In Richardson v. McChesney, 218 U.S. 487, an action was brought against McChesney, as Secretary of the Commonwealth of Kentucky. This court took judicial notice that his term of office had expired pending the suit, and that a successor had been inducted into office and held that the former rule applied, and that the only exception to it was where the obligation sought to be enforced devolved upon a corporation or a continuing body. Marshall v. Dye, 231 U.S. 250. This seems to be the rule in the Florida courts.Summary of this case from Pullman Co. v. Knott
Argued October 31, November 1, 1910. Decided November 28, 1910.
The duty of this court is limited to actual pending controversies. It should not pronounce judgment on abstract questions, even if its opinion might influence future action under like circumstances. This court judicially knows that the members of Congress elected at the regular congressional election of November, 1908, have taken their seats, served their terms, and that their successors have been elected. This court also judicially knows when the term of a Secretary of State of a State expires and whether his successor has been inducted into his office. An action against the Secretary of State of a State to compel him in certifying nominees for Congress, to proceed under a former apportionment act on the ground that the present act is unconstitutional, is not a suit against the State, nor is it in this case one against a continuing board, but against the Secretary of State personally; and on the termination of his official authority his successor cannot be substituted. In this case, as the thing sought to be prevented has been done and cannot be undone by judicial action, it is now only a moot case. Writ of error to review 128 Ky. 363, dismissed.
Mr. William H. Holt, with whom Mr. George DuRelle, Mr. W.C. Halbert, Mr. E.L. Worthington and Mr. W.D. Cochran were on the brief, for plaintiff in error:
This court has jurisdiction. The validity of the Kentucky statute was distinctly drawn in question on the ground that it is repugnant to the provision in the Federal Constitution which guarantees to each State a republican form of government, and on the ground that it is repugnant to the law of the United States which requires members of Congress to be elected by districts composed of contiguous and compact territory and containing as nearly as practicable an equal number of inhabitants.
The Constitution provides that the times, places and manner of holding elections for Representatives shall be prescribed in each State by the legislature thereof, but the Congress may at any time make or alter such regulations. The Congress has acted upon this question, under this power, and has made regulations as to the places and manner of holding elections for Representatives by stating that they shall be elected by districts composed of contiguous and compact territory and containing as nearly as practicable an equal number of inhabitants. Nevertheless, the Court of Appeals questions the right of Congress to thus determine the places and manner of holding Congressional elections.
The Kentucky act is repugnant to the Federal Constitution, the act of Congress, and Fourteenth Amendment, § 2.
While there are no authorities as to Congressional apportionment, there are as to unequal division of representative and senatorial districts in the various States under similar constitutional provisions. See Williams v. Secretary of State (Mich.), 108 N.W. 749; Giddings v. Blacker, 93 Mich. 1; Parker v. State, 133 Ind. 178.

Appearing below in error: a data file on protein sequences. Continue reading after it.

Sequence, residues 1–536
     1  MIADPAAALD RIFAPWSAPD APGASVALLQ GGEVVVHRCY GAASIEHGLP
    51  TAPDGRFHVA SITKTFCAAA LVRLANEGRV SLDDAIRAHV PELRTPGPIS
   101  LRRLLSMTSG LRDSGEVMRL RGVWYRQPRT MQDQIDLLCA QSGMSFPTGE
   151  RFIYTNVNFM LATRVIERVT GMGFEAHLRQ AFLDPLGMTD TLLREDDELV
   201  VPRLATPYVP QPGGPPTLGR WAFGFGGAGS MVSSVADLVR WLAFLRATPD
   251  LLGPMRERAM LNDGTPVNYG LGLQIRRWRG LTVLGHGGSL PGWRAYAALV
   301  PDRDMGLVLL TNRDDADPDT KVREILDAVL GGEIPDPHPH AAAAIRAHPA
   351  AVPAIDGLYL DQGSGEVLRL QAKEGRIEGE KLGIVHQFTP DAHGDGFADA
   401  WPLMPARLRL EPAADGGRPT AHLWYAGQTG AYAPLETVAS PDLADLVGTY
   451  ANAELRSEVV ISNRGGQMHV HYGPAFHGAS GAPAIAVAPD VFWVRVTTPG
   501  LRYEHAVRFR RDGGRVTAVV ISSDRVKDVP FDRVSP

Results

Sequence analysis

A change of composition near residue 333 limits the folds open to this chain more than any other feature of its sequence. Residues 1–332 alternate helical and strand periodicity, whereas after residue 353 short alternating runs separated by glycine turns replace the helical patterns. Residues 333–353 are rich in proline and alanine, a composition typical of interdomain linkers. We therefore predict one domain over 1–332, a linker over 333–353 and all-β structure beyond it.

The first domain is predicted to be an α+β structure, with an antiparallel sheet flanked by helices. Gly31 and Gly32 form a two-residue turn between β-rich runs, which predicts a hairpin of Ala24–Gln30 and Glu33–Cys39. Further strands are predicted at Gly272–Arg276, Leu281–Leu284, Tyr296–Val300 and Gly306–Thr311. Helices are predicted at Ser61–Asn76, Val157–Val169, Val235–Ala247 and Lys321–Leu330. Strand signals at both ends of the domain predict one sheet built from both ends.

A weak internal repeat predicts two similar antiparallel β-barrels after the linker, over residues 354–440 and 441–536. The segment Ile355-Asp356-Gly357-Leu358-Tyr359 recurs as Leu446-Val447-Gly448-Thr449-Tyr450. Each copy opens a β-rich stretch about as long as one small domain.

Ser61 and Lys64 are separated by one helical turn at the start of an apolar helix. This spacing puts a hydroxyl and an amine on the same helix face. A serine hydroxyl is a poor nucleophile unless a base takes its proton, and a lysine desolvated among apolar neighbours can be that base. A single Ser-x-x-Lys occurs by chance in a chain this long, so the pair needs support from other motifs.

The courts have jurisdiction to determine the validity of apportionment acts. McPherson v. Blacker, 146 U.S. 1; Ragland v. Anderson, 125 Ky. 141; Purnell v. Mann, 105 Ky. 91; People v. Thompson, 155 Ill. 460; Parker v. State, 133 Ind. 178; Denny v. State, 144 Ind. 543; Williams v. State, 108 N.W. Rep. 749; Giddings v. Blacker, 93 Mich. 1; State v. Cunningham, 83 Wis. 90; State v. Cunningham, 81 Wis. 440; Sherrill v. O'Brien, 188 N.Y. 185; Brooks, Clerk, v. State, 162 Ind. 568, collating all the leading cases on this subject.
While this court cannot be required to determine a moot case wherein its judicial power cannot be exercised and where its judgment would not be final and conclusive upon the rights of the parties, averments of the petition which was dismissed on demurrer present a case where the judgment of this court will be final and conclusive of the rights of the parties, and this court may and should decide upon existing facts, such rights, where substantial relief can be granted effective for the preservation of the rights of citizens; and where the rights upon which a decision is asked are substantial rights to protect which relief should be granted.
The status averred is a continuing status so far as legislation is concerned. This court knows judicially that no new Congressional apportionment act has been adopted in Kentucky, and also that provisions in the Federal statutes, to which that act is repugnant, are still in force.
If relief cannot be granted by this court in this case, no relief can be given against any gerrymander, no matter how infamous, if the courts of the State, elected by the same majority which elects the legislature, do not wish the relief granted, or are not willing that it should be. No imputation is designed, however, upon the courts which have hitherto passed upon this case.
In Kentucky and elsewhere, where relief is sought against a person in his official capacity to compel or restrain official action, the suit does not abate by reason of the death, resignation or expiration of the term of office of the incumbent officer, even when such fact is pleaded in the proceeding. Maddox v. Graham Knox, 2 Metc. 71; City of Louisville v. Kean c., 18 B. Mon. 13.
There was no brief filed for defendant in error.
Shortly stated, this is an attack upon the validity of the Kentucky act of March 12, 1898, and certain amendments thereto, apportioning the State into eleven Congressional districts. The bill alleges that the districts do not conform to the requirement of the acts of Congress apportioning Representatives among the States, which acts require that such districts shall be of contiguous territory, "containing as nearly as practicable an equal number of inhabitants." The averments of the bill are that the districts are grossly and unnecessarily unequal in population.